By episode 204 of American Crime and its second season the series is clearly tackling deeper issues than a sexual assault at a school party. Show creator John Ridley looks at the educational system in America. Private versus public and in this instance alone, American Crime‘s season two could be called “A Tale of Two Schools.” This iteration of the series, however, is not so clear cut or simple.
Season two peels the layers back from the life of so called “privileged” students and their families. It also looks at the “lower” classed families with their struggles to survive a less elite scholastic system. In the case of Taylor Blaine (Connor Jessup) and his mother Anne (Lili Taylor) their attempt to better themselves meets with bullying from Taylor’s schoolmates and indifference from the school board to the boy’s mother and her charges of misconduct.
This return to the world of American Crime looks at much more than a social and monetary discord between classes and races. As Coach Dan Sullivan (Timothy Hutton) points out, an allegation of misconduct these days means that the accused will carry the stigma forever, via the auspices of Google.
Other characters realize, it is not just Google which allows their suspected crimes to be made public on the Internet. Instagram, Facebook, Twitter, et al, all allow a sort of “name and shame” infamy to exist. Based upon accusations alone, a “suspect” can be scrutinized, bullied and judged all on the world wide web.
Through the storyline, the show also proves that online version’s of newspapers have a much farther reach than the old fashioned printed ones. Like many other issues looked at and questioned in the second season, the electronic media is looked at and found to be almost too powerful.
Even without taking the net into consideration, there is the question of the school’s staff protecting all the students equally and fairly. In the case of Taylor’s private school, Leyland, the system fails. Headmaster Leslie Graham (Felicity Huffman) immediately circles the wagons for the “rich” kids of her school while downplaying out the “poor” boy’s plight.
Headmaster Graham also takes sides against the victim’s mother in an attempt to bully her into dropping her allegations.
By the time the truth becomes more apparent, there are still deep seated issues, including a closing of the ranks and an attempt to pervert the course of justice by the main school board members at Leyland.
Coach Sullivan is upset and judging by the way he interacts with his cheerleader daughter, full of potential guilt.
By the time episode four of American Crime season two ends, issues of culpability, social status, private schools, rich privileged kids and their parents are all looked at. On top of these scrutinized problems, the series looks at racism, real and perceived and a lack of harmony between faculty members who all have personal agendas.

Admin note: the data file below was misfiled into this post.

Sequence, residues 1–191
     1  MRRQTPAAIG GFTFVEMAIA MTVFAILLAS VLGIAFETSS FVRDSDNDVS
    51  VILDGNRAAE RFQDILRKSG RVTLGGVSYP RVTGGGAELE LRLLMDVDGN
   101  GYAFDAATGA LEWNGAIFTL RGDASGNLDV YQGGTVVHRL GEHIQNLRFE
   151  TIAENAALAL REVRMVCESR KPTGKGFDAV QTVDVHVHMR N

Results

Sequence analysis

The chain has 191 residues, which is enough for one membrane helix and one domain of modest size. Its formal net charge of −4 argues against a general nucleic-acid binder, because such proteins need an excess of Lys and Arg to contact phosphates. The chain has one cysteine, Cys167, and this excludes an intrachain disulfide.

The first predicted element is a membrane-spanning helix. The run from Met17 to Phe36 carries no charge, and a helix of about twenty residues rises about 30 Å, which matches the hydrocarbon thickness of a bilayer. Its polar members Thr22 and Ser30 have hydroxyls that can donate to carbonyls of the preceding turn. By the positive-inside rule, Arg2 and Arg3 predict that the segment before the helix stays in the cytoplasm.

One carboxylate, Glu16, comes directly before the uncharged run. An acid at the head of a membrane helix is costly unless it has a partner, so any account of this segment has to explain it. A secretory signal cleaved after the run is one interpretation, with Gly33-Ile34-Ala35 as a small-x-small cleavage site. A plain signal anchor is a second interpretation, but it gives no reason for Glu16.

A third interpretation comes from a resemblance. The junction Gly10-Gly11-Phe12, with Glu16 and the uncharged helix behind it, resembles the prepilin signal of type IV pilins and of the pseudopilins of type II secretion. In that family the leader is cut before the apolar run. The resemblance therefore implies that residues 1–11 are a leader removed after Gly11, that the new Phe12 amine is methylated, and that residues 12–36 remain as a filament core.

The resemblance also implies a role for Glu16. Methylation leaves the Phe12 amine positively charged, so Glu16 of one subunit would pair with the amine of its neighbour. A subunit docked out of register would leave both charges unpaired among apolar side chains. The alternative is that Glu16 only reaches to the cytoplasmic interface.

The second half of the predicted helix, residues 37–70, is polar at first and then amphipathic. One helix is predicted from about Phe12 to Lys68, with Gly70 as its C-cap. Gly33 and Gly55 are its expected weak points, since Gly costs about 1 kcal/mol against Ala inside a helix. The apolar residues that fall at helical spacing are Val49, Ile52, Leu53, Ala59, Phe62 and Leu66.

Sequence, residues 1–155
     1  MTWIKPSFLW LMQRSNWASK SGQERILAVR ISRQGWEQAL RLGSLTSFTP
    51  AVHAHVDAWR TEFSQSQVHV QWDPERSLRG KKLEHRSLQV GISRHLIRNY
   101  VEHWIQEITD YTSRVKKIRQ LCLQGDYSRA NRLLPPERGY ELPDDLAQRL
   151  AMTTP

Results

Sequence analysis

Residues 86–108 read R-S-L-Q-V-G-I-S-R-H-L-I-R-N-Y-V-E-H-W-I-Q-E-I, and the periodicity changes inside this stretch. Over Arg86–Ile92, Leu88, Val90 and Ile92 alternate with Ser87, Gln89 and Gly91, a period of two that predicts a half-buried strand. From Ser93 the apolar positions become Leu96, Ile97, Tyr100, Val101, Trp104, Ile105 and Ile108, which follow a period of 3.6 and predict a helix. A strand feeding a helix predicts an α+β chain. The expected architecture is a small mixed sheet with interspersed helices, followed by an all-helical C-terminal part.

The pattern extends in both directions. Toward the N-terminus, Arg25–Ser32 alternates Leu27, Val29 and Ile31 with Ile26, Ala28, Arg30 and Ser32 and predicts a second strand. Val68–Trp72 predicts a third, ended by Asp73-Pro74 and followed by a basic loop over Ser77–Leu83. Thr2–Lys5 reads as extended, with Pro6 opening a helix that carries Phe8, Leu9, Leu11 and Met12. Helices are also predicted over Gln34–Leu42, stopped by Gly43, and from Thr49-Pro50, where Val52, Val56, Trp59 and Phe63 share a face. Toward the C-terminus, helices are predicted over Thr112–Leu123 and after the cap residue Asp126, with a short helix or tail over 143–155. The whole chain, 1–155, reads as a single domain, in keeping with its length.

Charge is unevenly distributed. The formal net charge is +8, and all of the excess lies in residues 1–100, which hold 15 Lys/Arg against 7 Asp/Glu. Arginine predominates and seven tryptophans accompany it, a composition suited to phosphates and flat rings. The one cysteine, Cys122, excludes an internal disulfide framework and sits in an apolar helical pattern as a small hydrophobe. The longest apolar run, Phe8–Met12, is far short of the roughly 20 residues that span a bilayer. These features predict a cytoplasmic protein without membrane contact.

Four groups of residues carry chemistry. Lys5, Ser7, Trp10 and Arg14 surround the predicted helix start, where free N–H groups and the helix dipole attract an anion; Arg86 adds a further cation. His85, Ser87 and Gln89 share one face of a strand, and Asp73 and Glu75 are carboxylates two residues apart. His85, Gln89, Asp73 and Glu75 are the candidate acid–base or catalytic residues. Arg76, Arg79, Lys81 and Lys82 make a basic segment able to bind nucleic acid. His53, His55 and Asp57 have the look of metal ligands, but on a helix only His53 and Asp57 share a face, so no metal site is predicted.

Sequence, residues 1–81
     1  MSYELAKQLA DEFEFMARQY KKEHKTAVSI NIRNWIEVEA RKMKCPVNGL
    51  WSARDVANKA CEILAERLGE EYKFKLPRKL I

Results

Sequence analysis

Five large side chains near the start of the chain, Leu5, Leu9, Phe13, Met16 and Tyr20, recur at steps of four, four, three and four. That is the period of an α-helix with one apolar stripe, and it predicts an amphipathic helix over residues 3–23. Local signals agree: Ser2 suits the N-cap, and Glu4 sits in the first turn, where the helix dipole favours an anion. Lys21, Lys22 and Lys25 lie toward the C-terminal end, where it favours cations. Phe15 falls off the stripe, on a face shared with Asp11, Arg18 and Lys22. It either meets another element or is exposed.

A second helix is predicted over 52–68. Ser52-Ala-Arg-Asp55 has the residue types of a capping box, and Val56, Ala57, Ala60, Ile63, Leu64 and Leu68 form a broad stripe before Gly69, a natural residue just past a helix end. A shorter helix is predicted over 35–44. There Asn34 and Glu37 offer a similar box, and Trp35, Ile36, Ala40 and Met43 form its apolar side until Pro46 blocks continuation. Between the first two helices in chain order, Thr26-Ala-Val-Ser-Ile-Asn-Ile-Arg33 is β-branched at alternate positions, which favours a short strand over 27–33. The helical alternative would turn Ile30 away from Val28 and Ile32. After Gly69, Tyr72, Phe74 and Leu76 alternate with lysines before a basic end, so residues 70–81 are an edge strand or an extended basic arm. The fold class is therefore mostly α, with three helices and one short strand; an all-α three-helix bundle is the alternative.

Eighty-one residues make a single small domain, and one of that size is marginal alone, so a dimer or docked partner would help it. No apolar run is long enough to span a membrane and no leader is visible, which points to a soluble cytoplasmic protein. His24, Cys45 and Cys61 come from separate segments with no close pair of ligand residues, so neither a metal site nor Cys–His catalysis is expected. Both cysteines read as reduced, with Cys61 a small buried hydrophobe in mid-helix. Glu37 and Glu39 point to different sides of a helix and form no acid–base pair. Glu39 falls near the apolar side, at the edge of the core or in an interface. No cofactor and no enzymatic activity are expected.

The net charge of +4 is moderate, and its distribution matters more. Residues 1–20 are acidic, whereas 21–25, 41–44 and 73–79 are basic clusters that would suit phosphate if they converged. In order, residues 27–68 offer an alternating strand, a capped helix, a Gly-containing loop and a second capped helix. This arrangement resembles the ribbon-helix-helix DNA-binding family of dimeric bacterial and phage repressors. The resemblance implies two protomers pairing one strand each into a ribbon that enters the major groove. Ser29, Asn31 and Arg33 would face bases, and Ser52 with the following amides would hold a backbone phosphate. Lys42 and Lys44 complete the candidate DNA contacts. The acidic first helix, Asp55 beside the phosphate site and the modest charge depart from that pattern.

While Leyland struggles more to protect its reputation, the public school principle Chris Dixon (Elvis Nolasco) works to meet expectations from several civic groups and to keep the students from interacting negatively.
This season of American Crime looks at sexual identity, gender roles, elitist schools, public schools, community, parents and how all these factions and issues intertwine. Sometimes these mergers are difficult, accusatory and full of a deep sense of irony.
Episode 204 also holds the first note of discord. A finger snapping rhetoric session where the audience respond with a clicking of the fingers is far too indicative of the old poetry coffee house readings “back in the day…”
Regardless of this one jarring note, the series continues to have the same tightly written and expertly crafted storyline. Season one of the American Crime won four awards, twice winning the Best Ensemble Satellite Award.
With the same high calibre acting from last season’s stars, Hutton and Huffman along with the new cast members, Jessup, Taylor, Joey Pollari, Hope Davis, Nolasco and the rest of what looks to be a winning ensemble cast, there should be some serious gongs handed out to season two come award time.
The characters are in-depth, realistic and many are not very “nice.” Huffman’s Leslie Graham, is a cold calculating woman who is not above bending the truth or lying outright to protect the school under her charge. Regina King as Terri LaCroix; mother of one team captain from the Leyland Knights, is particularly harsh, even with her own son.
Out of the school faculty, the one most easy to empathize with is Hutton’s Coach Sullivan who really wants what is best for his “boys” and tries to keep his growing daughter from straying into trouble.
This is quality drama with rich, flawed and all too human characters who are thrown into turmoil by an alleged assault at a school party. The ripples of this “offense” reach out across families, schools and a legal system that is reluctant to get involved. The second season gives us evidence that, just as in cases of bullying, the system punishes the victim and not the instigators.
There is much to be found in this return to the American Crime verse. A quality, tightly woven storyline which will captivate and already has at least one addicted viewer. Tune in to this second season, the premiere airs Jan 3 on ABC. Miss this one and miss out on what looks to be one of the best returning shows on television in 2016.